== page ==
Another thing I really like about the book is the atmosphere. I mentioned above that The Quantum Thief draws on a lot of French influences. The Arsene Lupin books. The entire idea of "post-revolutionary Mars." Jean's name is even taken from the seminal French nouvelle vague movie (and one of the few nouvelle vague that is actually watchable) Bob Le Flambeur. It creates an interesting atmosphere that steeps the book in older-feeling charms, but with an incredibly fresh-seeming atmosphere. It conjures images of a baroque future of well-dressed ladies and gentlemen, nanite-ensconced police officers (one in a bowler hat) and well-tended mansions.
Aiding the atmosphere is a rather expansive setting that gives the world a complete cosmology, from odd language to the complex nature of memory contracts and private/public memories in the Oubliette. Rajaniemi puts a lot of thought into the nature of how things work, and it shows in the commonplace way everything feels. While the book has a barrier of entry involving language and themes (it took me a while to figure out what the "gevulot" and "gogols" were), the immersion and rhythm of the book, along with its whirlwind pace, actually work in its favor to create an environment where even if the language is a little unknown, it takes very little time to pick it up and continue on the way.
But it is within that pacing that things falter. Throughout the book, there are interludes that, while welcome because they detail more of the setting and the characters, really grind the pacing to a halt. And in a book as breezy and fast-paced as The Quantum Thief, that's more of a weakness than a strength, even when the interludes tie into the story.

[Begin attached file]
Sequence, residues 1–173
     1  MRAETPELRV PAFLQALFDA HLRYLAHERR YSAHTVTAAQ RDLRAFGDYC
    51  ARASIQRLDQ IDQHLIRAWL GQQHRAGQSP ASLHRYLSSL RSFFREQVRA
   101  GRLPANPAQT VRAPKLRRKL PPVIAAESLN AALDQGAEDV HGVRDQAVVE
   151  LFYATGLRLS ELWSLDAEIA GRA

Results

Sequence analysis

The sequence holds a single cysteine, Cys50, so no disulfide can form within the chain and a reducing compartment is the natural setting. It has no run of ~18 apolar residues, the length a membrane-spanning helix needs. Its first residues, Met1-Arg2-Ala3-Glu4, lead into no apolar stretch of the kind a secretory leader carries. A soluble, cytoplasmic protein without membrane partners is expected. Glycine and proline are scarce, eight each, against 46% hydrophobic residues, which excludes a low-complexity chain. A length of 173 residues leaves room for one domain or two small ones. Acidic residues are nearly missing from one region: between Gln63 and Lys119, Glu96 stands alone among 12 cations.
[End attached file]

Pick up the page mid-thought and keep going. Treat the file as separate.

In the end, though, you should be reading this. You should have skipped out on paragraph two, read the whole thing, and now be prepared to tell me how full of crap I am. Rajaniemi is a mastermind, and in his first novel that he managed to stumble once is an amazing feat in and of itself. This isn't just great (as people have said) "as a debut", it's a great novel period, and hopefully Rajaniemi will become a grandmaster in his own right.
And now I need to find a way to buy his short story collection.
- Afterparty by Daryl Gregory
Any number of my numerous backlog of stuff, or possibly The Scarlet Gospel, since I've been waiting for that one for almost a decade.
*If you're either a real nerd or a real jackass. Or in my case, both!